Castiglione del Lago has evolved on what used to be an island – the fourth island of Lake Trasimeno, in its south west region. Over the centuries, as the town grew, the flat gap between the island and the shore was filled with piazze, houses, churches and other buildings.
The newest parts of the city are at some distance from the old, so the centro storico (historical center) of Castiglione del Lago is a well preserved medieval locality that seems to be governed by a “law of threes”. In the town walls there are three gates, and inside the town there are three piazze and three churches.
Castiglione lies on the once important highway between Orvieto to the south, Chiusi to the west, and Arezzo to the north. Its position in this hotly disputed territory, pitting Etruscans against Romans, and later Tuscans against Perugians, inevitably brought a long cycle of death and destruction to the town. The original fortifications were destroyed and rebuilt on numerous occasions.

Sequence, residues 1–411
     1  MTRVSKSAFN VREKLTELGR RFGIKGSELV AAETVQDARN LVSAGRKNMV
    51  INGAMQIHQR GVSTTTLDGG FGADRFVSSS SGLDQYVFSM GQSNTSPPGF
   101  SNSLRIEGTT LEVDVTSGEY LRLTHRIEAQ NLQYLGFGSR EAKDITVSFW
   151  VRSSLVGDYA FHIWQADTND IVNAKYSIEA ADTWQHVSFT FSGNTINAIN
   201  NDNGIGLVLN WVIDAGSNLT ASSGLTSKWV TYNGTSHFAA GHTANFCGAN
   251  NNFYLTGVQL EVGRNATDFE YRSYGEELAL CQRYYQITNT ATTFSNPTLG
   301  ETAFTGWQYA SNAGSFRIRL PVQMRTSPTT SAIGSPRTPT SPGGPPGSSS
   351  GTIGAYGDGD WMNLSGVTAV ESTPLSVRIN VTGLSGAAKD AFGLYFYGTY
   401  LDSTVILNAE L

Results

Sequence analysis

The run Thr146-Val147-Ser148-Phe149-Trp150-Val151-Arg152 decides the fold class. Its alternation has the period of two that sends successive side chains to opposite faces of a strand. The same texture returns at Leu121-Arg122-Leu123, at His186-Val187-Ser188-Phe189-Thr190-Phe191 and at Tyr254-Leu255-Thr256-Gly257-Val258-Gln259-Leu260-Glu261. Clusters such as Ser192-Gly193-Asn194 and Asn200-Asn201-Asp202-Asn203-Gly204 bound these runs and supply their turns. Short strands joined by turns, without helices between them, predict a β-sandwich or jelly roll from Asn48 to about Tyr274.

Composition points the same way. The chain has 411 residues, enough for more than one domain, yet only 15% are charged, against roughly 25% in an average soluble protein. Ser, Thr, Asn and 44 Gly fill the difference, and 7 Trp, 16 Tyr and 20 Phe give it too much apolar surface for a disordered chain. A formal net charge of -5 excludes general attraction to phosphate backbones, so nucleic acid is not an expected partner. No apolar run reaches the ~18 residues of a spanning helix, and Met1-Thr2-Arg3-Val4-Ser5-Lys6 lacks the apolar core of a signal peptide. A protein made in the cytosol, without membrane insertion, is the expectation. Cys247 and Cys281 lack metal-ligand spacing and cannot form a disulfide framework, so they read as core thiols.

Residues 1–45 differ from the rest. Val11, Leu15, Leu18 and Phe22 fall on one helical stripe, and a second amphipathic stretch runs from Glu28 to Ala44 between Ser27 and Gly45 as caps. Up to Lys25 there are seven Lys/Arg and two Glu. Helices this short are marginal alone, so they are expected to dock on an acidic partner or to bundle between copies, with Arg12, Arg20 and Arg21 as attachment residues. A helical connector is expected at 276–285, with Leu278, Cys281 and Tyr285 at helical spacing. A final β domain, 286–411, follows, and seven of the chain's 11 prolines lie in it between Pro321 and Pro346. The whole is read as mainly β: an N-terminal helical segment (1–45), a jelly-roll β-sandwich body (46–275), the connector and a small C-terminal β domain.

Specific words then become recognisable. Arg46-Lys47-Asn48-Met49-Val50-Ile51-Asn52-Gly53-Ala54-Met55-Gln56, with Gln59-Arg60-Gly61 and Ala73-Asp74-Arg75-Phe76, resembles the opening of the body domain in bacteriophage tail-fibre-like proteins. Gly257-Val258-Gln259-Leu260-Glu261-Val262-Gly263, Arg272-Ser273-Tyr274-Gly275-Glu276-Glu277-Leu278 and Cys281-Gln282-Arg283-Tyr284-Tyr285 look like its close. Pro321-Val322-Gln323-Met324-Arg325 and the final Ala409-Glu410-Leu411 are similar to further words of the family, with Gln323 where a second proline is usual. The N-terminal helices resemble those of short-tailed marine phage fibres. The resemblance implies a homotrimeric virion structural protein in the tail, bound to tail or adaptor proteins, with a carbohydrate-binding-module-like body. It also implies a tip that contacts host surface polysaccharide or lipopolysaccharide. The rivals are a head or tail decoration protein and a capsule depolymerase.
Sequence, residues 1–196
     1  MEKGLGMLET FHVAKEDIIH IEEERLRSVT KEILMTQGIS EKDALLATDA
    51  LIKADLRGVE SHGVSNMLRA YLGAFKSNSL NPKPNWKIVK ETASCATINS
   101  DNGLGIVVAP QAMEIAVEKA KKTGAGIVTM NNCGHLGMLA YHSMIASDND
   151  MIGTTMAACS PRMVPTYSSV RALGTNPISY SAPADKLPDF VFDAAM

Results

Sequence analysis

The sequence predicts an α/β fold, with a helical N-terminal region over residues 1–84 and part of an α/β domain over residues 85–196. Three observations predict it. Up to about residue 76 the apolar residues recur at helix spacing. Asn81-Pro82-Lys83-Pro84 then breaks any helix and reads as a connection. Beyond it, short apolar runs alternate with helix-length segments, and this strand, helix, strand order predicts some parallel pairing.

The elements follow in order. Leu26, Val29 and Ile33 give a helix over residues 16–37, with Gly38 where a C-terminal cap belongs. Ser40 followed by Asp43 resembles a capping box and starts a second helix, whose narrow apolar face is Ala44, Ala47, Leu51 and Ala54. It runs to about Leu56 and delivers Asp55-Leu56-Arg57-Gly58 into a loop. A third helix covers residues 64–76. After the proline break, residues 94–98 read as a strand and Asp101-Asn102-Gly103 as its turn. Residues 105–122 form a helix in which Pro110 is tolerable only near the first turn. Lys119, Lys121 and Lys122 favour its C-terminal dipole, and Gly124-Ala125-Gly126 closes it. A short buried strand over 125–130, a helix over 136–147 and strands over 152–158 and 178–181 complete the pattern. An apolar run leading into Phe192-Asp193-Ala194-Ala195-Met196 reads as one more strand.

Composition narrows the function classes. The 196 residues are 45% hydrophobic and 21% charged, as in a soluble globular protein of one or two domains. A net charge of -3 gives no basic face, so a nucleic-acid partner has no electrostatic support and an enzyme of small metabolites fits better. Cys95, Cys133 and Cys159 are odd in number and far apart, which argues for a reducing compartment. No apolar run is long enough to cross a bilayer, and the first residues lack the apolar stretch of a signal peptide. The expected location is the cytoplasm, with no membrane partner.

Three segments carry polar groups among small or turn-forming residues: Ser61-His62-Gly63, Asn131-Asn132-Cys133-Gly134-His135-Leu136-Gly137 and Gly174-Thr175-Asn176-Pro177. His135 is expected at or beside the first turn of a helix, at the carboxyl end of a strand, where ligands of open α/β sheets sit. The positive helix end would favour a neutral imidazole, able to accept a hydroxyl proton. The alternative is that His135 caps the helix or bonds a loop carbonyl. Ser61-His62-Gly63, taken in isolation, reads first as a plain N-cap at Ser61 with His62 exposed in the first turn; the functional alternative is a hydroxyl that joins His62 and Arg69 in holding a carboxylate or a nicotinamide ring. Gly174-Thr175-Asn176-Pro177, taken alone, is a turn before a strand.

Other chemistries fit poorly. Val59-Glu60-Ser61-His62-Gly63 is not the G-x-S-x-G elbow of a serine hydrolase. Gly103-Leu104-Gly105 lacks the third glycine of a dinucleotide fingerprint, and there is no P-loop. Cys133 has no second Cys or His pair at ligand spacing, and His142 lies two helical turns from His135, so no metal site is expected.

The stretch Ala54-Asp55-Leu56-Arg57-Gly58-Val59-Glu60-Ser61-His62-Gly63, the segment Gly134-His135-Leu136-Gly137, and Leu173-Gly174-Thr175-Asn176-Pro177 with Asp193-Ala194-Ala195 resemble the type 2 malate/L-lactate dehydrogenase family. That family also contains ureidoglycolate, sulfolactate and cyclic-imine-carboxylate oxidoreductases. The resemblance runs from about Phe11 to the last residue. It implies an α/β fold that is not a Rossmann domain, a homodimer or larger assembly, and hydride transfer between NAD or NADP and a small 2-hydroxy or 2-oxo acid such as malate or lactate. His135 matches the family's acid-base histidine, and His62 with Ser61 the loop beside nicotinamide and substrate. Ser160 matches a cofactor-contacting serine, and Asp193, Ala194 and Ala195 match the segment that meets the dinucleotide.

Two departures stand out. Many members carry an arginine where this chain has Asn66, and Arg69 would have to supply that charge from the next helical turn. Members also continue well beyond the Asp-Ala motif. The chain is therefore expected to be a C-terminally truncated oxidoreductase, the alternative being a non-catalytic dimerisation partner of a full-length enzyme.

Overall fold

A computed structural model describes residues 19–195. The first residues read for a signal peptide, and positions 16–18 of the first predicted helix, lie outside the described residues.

It was only during the reign of Emperor Frederick II (early 13th century) that a period of relative stability ensued. Later the city fell under the control of Perugia, within the Papal States, becoming the fiefdom of the powerful Baglioni family. In 1550, Pope Julius III bestowed it upon his sister.
In 1563, her son, Ascanio della Corgna, became the Marquis of Castiglione and Chiusi. The fiefdom became a prosperous, but short-lived Duchy in 1617. Duke Fulvio Allesandro died without heirs and the town was re-absorbed into the Papal States.